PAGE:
Disorders of the female genitourinary system were prominently associated with PD. Among girls with no PD, 7.8% attended a physician for issues relating to contraception compared with 20.3% of girls with a PD (data not shown). There may be many reasons for the use of a contraceptive and, without more information, it is difficult to be sure of the reasons for contraception in our group. Abortion occurred in 617 individuals (data not shown), 218 had a PD. In a 4-year survey of women experiencing childbirth or those having an induced abortion, Reardon et al26 found that women who underwent an abortion had significantly higher relative risk of psychiatric admission after the abortion compared with those giving birth. In our instance, it is difficult to know if the PD arose because of the abortion or vice versa, but clearly there is a strong relationship, particularly among those with emotional disorders.

In our study, pregnancy was associated with both behavior and emotion but seemed to be more strongly associated with emotional disorders. The role of PD in pregnancy is unclear. Kessler et al studied teenage motherhood and determined that PDs were associated with several adverse life consequences and that “mental health professionals treating adolescents need to be sensitized to the higher risk of pregnancy.”27(p1405) Keenan et al28 determined that conduct disorder had several serious outcomes, including early pregnancy.

Disorders of the genitourinary system had moderate ORs for females but not males. This grouping also included menstrual disorders, thus the OR seen in girls may be reflecting the menstrual disorders rather than the other diseases in the category. Psychological distress is a recognized complication of renal failure29 and it may also account for a portion of the observed OR. Subgroup analysis (not shown) reveals that there were 123 children who had renal failure and of those 23 had a PD.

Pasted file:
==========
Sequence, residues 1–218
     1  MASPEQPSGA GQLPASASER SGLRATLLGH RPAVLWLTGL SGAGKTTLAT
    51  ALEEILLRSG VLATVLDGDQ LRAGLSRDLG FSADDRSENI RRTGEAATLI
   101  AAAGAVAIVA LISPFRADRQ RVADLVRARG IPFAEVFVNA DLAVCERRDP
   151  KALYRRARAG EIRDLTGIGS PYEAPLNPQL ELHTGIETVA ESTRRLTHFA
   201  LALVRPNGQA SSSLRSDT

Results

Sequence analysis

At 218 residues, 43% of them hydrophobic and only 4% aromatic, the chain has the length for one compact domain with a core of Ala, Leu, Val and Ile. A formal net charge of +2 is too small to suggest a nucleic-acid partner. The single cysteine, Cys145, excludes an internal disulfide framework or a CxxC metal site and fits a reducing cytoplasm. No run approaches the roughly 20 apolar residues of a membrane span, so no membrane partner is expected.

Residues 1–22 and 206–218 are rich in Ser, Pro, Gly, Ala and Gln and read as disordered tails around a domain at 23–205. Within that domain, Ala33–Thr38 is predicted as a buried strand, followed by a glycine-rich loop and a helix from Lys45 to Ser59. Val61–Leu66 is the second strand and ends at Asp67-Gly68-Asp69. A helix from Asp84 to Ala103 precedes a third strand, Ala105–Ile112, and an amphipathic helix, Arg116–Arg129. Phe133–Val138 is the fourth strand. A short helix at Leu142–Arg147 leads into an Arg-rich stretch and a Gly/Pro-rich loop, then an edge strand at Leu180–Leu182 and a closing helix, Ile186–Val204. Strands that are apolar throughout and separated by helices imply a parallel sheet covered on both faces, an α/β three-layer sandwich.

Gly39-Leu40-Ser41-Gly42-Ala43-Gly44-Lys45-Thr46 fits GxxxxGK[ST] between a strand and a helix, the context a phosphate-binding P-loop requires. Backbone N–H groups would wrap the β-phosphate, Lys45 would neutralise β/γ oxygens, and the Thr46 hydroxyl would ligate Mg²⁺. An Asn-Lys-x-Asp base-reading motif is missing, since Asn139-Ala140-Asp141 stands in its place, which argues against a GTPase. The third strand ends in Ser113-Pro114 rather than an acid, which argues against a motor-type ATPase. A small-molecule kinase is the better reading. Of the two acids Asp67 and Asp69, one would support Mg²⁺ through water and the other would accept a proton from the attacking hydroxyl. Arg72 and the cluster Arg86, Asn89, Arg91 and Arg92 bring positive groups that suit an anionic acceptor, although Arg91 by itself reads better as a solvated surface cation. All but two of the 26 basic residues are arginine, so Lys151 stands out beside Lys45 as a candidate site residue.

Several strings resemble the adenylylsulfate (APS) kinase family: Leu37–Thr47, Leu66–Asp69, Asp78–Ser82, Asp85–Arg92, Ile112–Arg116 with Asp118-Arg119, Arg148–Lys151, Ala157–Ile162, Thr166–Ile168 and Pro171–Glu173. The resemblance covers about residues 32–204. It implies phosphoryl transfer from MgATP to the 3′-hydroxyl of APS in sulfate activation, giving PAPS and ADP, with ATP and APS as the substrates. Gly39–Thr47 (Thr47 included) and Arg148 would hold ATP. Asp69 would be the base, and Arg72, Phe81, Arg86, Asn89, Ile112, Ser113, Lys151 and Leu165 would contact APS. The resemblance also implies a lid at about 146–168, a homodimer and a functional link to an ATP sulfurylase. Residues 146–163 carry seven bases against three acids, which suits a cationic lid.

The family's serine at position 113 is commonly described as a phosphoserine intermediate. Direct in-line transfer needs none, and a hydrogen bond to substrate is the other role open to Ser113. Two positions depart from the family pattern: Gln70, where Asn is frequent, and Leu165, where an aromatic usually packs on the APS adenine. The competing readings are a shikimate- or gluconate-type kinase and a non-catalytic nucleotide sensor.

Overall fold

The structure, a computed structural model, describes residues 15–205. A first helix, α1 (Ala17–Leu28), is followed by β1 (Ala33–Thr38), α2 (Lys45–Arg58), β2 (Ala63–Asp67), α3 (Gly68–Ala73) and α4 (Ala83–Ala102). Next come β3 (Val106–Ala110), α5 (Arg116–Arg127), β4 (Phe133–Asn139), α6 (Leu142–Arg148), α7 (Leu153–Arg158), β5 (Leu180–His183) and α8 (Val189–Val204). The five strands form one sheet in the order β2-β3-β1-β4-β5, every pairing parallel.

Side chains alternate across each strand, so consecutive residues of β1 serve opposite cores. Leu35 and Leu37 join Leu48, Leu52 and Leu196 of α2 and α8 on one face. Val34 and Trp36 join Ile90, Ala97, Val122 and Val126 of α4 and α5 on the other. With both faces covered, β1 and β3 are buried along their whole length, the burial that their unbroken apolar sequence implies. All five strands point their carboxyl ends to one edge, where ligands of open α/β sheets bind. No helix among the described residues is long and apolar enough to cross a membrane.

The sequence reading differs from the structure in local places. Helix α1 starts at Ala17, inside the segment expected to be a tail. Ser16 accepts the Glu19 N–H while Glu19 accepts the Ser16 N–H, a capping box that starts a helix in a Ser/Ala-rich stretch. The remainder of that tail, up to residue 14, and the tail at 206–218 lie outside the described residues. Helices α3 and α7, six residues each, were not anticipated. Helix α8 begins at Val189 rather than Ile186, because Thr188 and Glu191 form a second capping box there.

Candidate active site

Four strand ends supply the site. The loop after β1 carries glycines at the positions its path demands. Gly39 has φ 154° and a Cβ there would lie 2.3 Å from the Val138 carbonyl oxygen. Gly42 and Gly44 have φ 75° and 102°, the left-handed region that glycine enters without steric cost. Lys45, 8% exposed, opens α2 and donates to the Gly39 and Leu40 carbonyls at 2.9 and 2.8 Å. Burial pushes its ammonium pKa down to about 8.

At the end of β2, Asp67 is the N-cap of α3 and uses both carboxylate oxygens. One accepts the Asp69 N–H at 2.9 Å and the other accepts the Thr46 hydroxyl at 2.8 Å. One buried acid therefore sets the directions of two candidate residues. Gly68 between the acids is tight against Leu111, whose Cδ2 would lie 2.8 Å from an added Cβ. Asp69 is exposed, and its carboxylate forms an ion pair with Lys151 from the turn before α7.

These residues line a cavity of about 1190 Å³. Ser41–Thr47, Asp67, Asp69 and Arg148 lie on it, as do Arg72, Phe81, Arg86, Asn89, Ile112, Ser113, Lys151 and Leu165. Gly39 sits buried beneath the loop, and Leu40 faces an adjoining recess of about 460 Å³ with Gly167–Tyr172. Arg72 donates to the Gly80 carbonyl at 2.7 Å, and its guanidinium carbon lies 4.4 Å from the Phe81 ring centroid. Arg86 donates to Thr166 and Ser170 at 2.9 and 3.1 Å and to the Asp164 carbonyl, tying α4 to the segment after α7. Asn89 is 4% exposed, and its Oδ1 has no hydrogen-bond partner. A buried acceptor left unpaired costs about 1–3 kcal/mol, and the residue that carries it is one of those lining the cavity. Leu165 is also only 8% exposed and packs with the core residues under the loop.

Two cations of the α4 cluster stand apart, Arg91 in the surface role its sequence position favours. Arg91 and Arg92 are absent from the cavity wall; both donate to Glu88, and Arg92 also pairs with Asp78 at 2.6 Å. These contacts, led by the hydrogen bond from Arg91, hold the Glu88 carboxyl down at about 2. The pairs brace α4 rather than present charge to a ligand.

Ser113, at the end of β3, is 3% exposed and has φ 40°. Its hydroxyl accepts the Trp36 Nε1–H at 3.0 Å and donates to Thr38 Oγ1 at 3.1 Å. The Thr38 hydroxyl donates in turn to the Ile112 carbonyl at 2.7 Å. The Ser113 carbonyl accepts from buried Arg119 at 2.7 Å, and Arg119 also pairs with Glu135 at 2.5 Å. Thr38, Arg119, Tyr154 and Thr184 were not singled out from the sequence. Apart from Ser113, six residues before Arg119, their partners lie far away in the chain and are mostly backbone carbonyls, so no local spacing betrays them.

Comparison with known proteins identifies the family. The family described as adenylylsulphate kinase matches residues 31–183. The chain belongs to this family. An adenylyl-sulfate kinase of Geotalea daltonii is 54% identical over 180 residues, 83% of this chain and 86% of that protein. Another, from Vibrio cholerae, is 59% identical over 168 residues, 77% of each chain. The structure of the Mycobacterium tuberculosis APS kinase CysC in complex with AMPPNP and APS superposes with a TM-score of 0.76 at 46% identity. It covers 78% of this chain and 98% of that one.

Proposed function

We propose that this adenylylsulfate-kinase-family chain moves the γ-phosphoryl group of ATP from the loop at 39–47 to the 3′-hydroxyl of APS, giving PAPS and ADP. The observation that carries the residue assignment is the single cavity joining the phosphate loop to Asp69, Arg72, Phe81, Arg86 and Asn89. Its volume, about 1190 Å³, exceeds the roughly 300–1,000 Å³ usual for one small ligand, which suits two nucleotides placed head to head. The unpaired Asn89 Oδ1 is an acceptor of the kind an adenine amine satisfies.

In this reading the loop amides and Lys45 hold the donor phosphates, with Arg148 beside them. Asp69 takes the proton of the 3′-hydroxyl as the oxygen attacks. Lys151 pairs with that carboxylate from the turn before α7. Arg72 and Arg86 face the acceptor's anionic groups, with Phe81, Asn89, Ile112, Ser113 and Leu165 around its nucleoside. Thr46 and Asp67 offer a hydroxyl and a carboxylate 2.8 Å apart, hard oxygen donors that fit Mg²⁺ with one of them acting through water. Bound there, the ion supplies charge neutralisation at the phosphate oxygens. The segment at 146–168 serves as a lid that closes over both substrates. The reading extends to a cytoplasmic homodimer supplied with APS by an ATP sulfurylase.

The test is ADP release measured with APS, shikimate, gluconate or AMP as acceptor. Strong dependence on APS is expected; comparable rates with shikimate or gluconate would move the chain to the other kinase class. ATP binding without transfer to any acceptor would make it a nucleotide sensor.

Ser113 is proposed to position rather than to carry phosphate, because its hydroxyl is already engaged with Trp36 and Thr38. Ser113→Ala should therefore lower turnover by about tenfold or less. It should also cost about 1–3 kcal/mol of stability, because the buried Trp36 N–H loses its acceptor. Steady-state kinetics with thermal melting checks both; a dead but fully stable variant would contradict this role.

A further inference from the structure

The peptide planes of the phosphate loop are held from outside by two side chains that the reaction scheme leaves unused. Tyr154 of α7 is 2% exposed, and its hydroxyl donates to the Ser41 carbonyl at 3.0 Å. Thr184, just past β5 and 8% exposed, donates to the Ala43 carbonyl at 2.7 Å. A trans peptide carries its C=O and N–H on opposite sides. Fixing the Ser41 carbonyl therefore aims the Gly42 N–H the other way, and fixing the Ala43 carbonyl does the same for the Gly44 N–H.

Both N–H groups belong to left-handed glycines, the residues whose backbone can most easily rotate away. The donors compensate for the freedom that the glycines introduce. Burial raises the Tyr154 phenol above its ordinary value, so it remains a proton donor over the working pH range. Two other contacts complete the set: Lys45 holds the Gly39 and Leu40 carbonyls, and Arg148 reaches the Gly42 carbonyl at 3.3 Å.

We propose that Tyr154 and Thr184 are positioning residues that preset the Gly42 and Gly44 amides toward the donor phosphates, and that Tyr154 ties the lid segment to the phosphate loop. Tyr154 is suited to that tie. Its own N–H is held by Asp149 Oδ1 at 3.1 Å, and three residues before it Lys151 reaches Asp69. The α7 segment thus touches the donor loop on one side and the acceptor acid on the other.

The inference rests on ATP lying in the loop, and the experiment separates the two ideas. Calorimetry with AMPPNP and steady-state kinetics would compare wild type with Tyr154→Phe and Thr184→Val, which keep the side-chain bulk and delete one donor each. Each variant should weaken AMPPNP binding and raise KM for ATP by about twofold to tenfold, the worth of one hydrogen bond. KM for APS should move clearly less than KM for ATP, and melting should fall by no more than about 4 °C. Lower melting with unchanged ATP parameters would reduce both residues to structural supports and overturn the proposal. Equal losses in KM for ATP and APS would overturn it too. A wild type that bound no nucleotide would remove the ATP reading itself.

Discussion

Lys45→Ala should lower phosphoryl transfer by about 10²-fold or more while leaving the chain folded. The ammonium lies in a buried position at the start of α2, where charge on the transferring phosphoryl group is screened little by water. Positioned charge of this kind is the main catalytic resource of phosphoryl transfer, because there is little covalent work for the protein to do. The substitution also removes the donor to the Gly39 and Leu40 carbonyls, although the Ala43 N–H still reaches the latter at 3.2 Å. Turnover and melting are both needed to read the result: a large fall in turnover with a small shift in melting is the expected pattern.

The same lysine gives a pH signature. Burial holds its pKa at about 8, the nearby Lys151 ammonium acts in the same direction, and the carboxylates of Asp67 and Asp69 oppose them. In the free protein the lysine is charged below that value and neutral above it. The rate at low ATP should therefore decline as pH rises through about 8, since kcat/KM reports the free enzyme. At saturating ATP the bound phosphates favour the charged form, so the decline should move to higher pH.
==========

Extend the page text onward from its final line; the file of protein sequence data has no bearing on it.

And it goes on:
Ten percent of the children who have asthma had a mental disorder. Asthma is the most common chronic medical illness in childhood and it has significant psychiatric overlay, particularly depression and anxiety disorders.30 Children who have asthma may be at greater psychological risk.31 Among Australian children, Ortega et al6 found that having a history of asthma was associated with anxiety disorder but not with an affective disorder. In our study, asthma was significantly associated with all 3 PDs but for girls only and with modest ORs (all ≤1.7). Two other respiratory disorders, bronchitis and sinusitis-rhinitis, were also significantly associated with PD, usually in girls and with only modest ORs (all ≤1.8).

Chronic disease is a significant cause of morbidity in childhood and has significant associations with PD.6,32 We created a separate variable for chronic disease. The ORs observed were modest and mostly associated with emotional disorders. A problem with examining chronic disorders as a group is that by pooling the diagnoses, which are widely disparate, we lose insight into the problem. For example, more specific chronic illnesses such as diabetes mellitus had isolated associations with psychosis in boys, whereas there is no significant relationship of chronic disease and psychosis in boys.